Syria is a Middle Eastern country with rich cultures and traditions and a beautiful mediterranean weather. Since the beginning of history, Syria has been the center of numerous fascinating cultures and civilizations. Those different civilizations adorned Syria with important magnificent historical sites; some of them were even added to the UNESCO World Heritage Sites. All of that and more made Syria a must-go travel destination for millions of tourists from around the world. Some of the most interesting historical sites that can be found in Syria:

The Citadel of Aleppo

One of the oldest and largest castles in the world, the Citadel of Aleppo overlooks the city from a hill that helped defend Aleppo and its people from different attacks throughout its history. The location of the castle was used by many civilizations including the Greeks, Byzantines, Ayyubids, Mamluks and Ottomans, however most of the Castle today was constructed during the Mamluks period. The Citadel of Aleppo has many fascinating ornate halls and passages that were built during different historical eras, which makes the Citadel of Aleppo an important attraction for tourists and archaeologists. One of the main features of the Castle is its gate that can be reached through an arched bridge. The Citadel is part of the Ancient City of Aleppo, a UNESCO World Heritage Site since 1986. Leaving the Citadel, one can walk through the open-air local bazaars and narrow alleys experiencing the local everyday life of this majestic city.

Al Azm Palace

Built in 1749 during the Ottoman Empire, the Azm Palace today is one of the most beautiful historical Islamic palaces in the world. It is nestled in the Ancient City of Damascus, close to the Great Umayyad Mosque, Al-Buzuriyah Souq and Al-Hamidiyah Souq. It was the residence for the Governor of Damascus As’ad Pasha Al-Azm in the 18th century. The architectural beauty of the Palace embodies the traditional Damascene house with its colorful marbles, cascading fountain, peaceful courtyard and different quarters. Today the Azm Palace houses the Museum of Arts and Popular Traditions in Damascus. The museum has many halls showcasing syrian cultural traditions and interesting historical monument and it is a popular destination for Syrians and tourists.


Along the shores of the Mediterranean Sea lies the ancient city of Ugarit, modern day Ras Shamra. Discovered accidentally by a farmer in 1928, Ugarit was one of the wealthiest and strongest cities in the region. It was the center for the Ugaritic Kingdom in 7500 BCE. Many remarkable findings were discovered in the area but he most important is the Ugaritic Alphabet which the oldest alphabet in the world. Ugarit today is an interesting and unique site to discover for many tourists from around the world.

The Temple of Bel

In the heart of the Syrian Desert and in an oasis surrounded by palm trees, the ruins of Palmyra are scattered as proud remains of a great empire that was once ruled by the iconic Queen Zenobia. The city of Palmyra contain many ancient sites including the Valley of Tombs,  the Arch of Triumph, the Theater of Palmyra and the Castle of Fakhr-Al-Din Al-Maani. Palmyra also has a famous temple that was built in 32 AD and dedicated for Bel the chief-god of Palmyra alongside the lunar god and the sun god. The Temple of Bel was turned into a church during the Byzantine Era and was later turned into a mosque after the Arab conquest, however in the 1920s the Temple of Bel was restored to its original form and has been an important travel destination in Syria ever since then.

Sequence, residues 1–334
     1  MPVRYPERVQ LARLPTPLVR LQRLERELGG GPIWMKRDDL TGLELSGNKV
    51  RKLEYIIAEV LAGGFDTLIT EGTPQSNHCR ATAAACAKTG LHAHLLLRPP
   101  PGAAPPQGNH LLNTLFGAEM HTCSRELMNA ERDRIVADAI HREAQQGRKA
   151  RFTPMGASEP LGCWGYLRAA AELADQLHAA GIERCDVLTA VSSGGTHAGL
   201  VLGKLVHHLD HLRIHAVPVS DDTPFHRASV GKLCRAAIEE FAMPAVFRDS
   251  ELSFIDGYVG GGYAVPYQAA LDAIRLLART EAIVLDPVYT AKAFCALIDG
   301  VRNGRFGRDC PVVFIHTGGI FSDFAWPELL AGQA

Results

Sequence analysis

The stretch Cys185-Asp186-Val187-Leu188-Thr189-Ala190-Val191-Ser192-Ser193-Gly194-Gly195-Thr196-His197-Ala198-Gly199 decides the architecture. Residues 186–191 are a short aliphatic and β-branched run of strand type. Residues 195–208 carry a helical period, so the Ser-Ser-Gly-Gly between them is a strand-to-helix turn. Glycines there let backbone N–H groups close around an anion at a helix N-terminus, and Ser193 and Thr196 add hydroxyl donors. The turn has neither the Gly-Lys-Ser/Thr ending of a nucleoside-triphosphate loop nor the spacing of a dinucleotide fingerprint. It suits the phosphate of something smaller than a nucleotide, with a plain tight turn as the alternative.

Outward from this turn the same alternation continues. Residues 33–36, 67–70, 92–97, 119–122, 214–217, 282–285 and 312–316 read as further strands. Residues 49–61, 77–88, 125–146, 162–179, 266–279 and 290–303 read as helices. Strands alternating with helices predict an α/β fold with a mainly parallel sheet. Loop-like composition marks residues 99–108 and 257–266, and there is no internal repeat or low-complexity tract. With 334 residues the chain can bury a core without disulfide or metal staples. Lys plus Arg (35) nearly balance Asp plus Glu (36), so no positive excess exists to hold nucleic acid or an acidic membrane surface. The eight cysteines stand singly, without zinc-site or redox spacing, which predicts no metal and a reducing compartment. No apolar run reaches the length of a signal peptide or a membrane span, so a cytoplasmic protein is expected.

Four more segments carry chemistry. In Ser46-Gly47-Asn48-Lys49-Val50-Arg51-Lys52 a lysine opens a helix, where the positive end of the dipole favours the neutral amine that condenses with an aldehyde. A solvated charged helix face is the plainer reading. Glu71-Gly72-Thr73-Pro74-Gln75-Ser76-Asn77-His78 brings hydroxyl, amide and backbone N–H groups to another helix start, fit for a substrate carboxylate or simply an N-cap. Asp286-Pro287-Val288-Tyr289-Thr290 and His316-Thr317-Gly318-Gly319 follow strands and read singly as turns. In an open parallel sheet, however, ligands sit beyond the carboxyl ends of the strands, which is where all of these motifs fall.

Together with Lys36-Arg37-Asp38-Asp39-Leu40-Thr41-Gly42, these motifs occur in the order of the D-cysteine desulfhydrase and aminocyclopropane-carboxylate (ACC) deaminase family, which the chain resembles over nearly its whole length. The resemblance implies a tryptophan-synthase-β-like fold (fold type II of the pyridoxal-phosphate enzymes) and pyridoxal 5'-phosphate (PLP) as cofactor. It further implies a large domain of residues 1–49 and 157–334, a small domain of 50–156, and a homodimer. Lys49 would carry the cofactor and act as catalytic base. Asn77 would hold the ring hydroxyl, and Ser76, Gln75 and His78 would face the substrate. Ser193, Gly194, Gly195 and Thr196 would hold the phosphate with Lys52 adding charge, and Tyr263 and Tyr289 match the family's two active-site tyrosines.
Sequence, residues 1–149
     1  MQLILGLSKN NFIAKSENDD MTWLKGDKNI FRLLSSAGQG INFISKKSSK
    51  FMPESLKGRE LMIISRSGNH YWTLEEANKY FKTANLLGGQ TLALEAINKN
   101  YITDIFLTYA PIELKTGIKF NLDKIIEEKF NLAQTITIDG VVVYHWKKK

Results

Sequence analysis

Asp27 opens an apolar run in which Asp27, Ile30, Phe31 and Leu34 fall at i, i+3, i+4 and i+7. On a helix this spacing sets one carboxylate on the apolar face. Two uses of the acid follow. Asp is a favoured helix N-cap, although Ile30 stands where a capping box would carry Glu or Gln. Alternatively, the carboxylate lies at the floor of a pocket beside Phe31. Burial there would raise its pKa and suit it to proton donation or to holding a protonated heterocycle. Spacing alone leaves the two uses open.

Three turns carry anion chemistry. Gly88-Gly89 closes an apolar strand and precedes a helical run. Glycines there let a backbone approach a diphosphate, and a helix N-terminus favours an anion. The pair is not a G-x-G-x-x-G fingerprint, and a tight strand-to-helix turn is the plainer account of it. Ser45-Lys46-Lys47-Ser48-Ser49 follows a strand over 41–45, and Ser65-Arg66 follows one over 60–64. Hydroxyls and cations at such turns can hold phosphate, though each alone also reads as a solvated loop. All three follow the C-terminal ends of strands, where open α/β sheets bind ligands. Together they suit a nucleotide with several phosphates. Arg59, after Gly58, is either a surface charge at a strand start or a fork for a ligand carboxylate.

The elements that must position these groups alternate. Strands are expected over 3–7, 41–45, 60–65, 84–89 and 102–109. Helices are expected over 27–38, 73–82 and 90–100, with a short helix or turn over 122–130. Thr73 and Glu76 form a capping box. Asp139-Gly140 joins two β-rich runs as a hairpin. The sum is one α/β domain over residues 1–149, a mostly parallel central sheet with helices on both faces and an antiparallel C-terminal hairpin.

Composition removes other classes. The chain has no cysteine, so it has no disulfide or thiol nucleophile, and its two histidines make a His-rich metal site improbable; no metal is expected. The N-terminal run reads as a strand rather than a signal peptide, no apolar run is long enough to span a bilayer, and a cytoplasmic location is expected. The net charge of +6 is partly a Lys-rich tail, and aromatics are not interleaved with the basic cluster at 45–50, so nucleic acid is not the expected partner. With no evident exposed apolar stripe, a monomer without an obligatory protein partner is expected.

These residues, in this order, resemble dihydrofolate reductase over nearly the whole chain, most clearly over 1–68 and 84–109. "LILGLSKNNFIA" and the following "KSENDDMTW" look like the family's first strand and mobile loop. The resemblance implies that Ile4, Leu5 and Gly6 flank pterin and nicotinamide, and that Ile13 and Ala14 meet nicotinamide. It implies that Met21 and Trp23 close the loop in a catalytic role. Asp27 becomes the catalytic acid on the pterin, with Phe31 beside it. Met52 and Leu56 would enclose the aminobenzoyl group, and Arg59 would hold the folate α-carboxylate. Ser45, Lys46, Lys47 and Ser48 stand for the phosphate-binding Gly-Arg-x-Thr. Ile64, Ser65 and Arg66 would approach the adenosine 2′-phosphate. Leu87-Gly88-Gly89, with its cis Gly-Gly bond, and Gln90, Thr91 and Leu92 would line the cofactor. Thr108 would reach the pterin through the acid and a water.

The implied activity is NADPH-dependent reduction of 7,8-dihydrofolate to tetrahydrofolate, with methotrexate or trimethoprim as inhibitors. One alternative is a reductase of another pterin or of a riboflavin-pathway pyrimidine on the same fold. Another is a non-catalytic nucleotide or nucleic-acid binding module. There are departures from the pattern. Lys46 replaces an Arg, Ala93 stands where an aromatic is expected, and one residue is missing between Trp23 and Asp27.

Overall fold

Crac des Chevaliers (The Castle of the Kurds)

It is one of the most important and well-preserved medieval military castles in the world. Crac des Chevaliers, alongside the Fortress of Salah Al-Din, was added to the list of the UNESCO World Heritage Sites in 2006. The Crac des Chevaliers was constructed by the order of Saint John of Jerusalem during the 12th and 13th centuries on the outskirts of Homs, Syria. It has gothic architectural elements and houses two medieval churches with crusader frescoes adorning their walls.

The Dead Cities

The Dead Cities, also known as the Forgotten Cities, are 40 Byzantine towns scattered between Aleppo and Idlib in the northeast of Syria. The cities were built between the first and the 7th centuries and were abandoned between the 8th and the 10th centuries. They include well-preserved pagan temples, churches, cisterns, bathhouse sand pyramid-roofed tombs. The most important architectural remains are the Church of Saint Simeon Stylites and the Ain Dara Temple amongst many others. In 2011, The Dead cities were also added to the UNESCO World Heritage Sites. The cities are archaeological wonders that are very interesting to visit and discover.

The Convent of Our Lady of Saidnaya

According to some legends, when the Virgin Mary appeared to Emperor Justinian in a vision first as a gazelle and then as an icon asking him to build a monastery in her honor, he did not hesitate and soon the monastery was founded in 547 AD. That rumored miracle made the chapel widley famous and it became the second most famous pilgrimage destination in the east, after Jerusalem. The chapel has many icons and iconostasis but the most famous is the Icon of the Holy Virgin Mary “Al Shaghoura”. The city of Saidnaya also has many other important chapel, monasteries and churches.


Since 2011, the situation in Syria has not been safe due to the Syrian crisis and it has been heavily discouraged to visit the country.

Furthermore, some of the mentioned sites has been unfortunately damaged or destructed because of the Syrian civil war.